What is a travel document? And what are the requirements? The diagram below gives an example based on the Swiss passport. In the early days, the term "travel document" meant a document valid for a specific journey, issued for a specific purpose. In the second half of the 20th century, the travel document became a multijourney, multi-purpose document, with significant improvements in the fight against fraud and counterfeiting. Finally, the incorporation of digital technologies to complement the physical characteristics started. Since 2020, the UN International Civil Aviation Organization (ICAO) has been preparing the specifications for the issuance of Digital Travel Credentials (DTC), and in October 2023 it is expected that the full range of these DTC specifications will be released, providing the technological basis for the complete replacement of physical passports. It will be interesting to see how below map evolves over the next few years or decades.
Document for a specific travel
The first documents were more in the spirit of a laissez-passer: A letter authorising a specific journey. Security was not a primary concern; the stamp and seal of an authority (person or office) was sufficient. These early documents were handwritten and provided little biographical, let alone biometric, information.
It was not until 1915 that a physical photograph was added to the passport and the document was actually called a passport. It was also in this generation of documents that the shift from cantonal to national issuance took place. This document was still issued for a specific journey. And, as a novelty, it contained the bearer's religion.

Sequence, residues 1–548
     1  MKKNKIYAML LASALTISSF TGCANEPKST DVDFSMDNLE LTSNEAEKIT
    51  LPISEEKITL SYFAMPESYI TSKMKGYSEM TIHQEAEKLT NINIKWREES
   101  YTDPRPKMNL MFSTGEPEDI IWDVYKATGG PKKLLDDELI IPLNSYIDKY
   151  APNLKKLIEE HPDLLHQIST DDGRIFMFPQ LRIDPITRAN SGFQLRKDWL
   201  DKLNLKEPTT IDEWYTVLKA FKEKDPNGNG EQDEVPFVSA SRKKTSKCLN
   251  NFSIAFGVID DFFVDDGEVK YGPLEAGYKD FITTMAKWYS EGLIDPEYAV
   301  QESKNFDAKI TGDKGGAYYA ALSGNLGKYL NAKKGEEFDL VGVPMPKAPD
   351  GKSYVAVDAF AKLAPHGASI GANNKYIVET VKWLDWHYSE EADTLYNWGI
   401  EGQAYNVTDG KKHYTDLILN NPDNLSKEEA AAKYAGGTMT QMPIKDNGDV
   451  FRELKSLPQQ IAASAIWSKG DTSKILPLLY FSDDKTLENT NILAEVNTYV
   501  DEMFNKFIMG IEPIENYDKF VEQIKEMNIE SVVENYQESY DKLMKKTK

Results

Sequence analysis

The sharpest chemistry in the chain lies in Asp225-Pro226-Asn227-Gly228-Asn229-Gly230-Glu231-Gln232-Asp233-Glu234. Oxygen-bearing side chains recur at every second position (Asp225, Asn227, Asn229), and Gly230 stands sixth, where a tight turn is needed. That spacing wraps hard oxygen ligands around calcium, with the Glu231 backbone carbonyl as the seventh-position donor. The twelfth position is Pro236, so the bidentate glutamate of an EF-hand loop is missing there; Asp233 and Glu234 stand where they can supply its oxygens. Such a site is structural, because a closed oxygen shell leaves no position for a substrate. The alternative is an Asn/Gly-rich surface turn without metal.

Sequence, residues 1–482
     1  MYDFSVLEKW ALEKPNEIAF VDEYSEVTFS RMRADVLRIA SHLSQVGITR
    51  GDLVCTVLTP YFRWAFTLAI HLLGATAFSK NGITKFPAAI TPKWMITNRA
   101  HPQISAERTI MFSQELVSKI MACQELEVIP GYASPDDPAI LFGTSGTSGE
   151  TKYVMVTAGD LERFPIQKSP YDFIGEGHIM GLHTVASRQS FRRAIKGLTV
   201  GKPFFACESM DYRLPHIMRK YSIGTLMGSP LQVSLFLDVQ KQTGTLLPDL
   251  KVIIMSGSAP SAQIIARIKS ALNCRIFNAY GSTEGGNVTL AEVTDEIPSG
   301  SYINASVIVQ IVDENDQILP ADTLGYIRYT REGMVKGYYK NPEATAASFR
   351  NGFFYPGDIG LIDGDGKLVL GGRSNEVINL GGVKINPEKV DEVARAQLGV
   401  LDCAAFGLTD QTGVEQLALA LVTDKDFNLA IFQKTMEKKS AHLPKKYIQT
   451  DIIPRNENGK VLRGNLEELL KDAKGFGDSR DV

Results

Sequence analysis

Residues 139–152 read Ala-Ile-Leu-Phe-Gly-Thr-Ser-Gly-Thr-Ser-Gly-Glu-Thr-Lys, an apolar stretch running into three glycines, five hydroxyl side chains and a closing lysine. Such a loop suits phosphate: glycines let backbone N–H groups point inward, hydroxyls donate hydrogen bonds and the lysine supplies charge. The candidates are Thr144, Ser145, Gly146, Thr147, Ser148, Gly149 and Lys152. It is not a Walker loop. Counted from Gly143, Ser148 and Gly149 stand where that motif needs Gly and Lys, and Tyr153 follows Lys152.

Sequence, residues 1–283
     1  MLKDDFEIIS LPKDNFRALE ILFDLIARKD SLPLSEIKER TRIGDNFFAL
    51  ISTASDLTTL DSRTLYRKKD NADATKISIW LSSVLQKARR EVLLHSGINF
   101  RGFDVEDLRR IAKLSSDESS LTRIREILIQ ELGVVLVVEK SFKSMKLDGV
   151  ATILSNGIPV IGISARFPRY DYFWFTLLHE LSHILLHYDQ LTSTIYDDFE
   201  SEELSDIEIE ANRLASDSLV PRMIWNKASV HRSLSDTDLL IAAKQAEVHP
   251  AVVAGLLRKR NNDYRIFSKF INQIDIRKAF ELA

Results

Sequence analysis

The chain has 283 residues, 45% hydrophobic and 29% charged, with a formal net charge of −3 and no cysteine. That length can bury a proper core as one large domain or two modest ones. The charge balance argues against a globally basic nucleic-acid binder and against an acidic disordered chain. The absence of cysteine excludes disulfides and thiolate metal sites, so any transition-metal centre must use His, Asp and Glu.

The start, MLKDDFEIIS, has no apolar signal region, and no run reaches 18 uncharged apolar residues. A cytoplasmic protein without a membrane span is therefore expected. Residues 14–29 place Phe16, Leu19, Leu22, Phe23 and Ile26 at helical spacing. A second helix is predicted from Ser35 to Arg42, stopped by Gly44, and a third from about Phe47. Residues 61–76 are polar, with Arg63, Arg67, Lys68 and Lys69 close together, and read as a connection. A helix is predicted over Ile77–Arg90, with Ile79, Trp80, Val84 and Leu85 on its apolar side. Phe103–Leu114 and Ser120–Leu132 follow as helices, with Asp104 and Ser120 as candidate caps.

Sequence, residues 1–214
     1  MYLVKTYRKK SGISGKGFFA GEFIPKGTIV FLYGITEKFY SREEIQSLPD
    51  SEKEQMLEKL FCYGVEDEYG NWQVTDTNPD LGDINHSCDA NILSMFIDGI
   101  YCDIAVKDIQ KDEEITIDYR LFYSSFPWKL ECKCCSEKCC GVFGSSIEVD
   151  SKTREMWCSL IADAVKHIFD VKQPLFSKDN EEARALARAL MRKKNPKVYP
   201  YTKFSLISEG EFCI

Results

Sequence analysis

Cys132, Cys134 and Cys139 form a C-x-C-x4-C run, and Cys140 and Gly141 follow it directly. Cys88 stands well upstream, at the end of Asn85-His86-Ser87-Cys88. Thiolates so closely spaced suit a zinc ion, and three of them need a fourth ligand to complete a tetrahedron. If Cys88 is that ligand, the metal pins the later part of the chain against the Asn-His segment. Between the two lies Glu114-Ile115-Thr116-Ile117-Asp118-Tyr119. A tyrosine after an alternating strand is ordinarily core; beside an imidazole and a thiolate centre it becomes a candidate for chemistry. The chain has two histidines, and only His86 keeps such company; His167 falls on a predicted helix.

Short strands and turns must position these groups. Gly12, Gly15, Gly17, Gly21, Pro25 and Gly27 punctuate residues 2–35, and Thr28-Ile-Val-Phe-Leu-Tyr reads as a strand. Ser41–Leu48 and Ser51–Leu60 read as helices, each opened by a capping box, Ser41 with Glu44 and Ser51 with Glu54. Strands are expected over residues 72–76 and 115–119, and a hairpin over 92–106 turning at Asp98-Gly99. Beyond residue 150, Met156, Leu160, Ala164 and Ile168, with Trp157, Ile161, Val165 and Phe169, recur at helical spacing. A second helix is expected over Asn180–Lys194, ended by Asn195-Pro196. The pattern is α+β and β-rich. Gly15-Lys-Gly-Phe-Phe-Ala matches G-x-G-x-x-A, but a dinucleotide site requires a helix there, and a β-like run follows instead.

Between the two world wars, in 1932, a next generation document was issued that included something like a concept of security features. It was issued as a general travel document, not for a single journey, and was issued to it's holder (head of family), including wife and children travelling on the same document.
The "red passport"
In 1959, the famous and envied "red passport" was issued for the first time. It marked a significant improvement in security. The manual process of issuing passports was replaced by the use of special typewriters. The entry for children remained, but women were issued with their own documents, with no possibility of sharing between spouses.
1985 was to be the last in a cycle of upgrades lasting almost 30 years per iteration. From now on the frequency of iterations would increase. The security concept was again significantly updated. The outdated typewriter issue was replaced by the first digitisation technologies, namely dot matrix printers.
2003 marked another significant change in document production: The document contains a machine-readable zone (MRZ) and is laser-engraved (or ink-jet printed for emergency documents) on a polycarbonate data page. The physical photograph has been replaced by a digitally processed and laser engraved photograph. Children entries will no longer be allowed. A new biometric feature was introduced: the person's height (which may have previously been included in the personal description of identifiers such as birthmarks, hair colour, eye colour, etc.). The document was now flexible after the cardboard / textile cover was replaced. And the size was reduced to the newly standardised, handy format.
In 2006, 5 years after the 9/11 attacks, the existing passport received a major technological upgrade with the ICAO compliant chip with data groups 1 (MRZ) & 2 (photo).
4 years later, in 2010, data group 3 (fingerprints) and the PACE security protocol were added. Apart from that, the concept remained basically the same.
2022 marks the latest generation, with a radically revised and improved security concept, bringing it up to date with the latest technology. The size of the document has also been reduced slightly, as it interprets the ICAO standard differently to previous documents.
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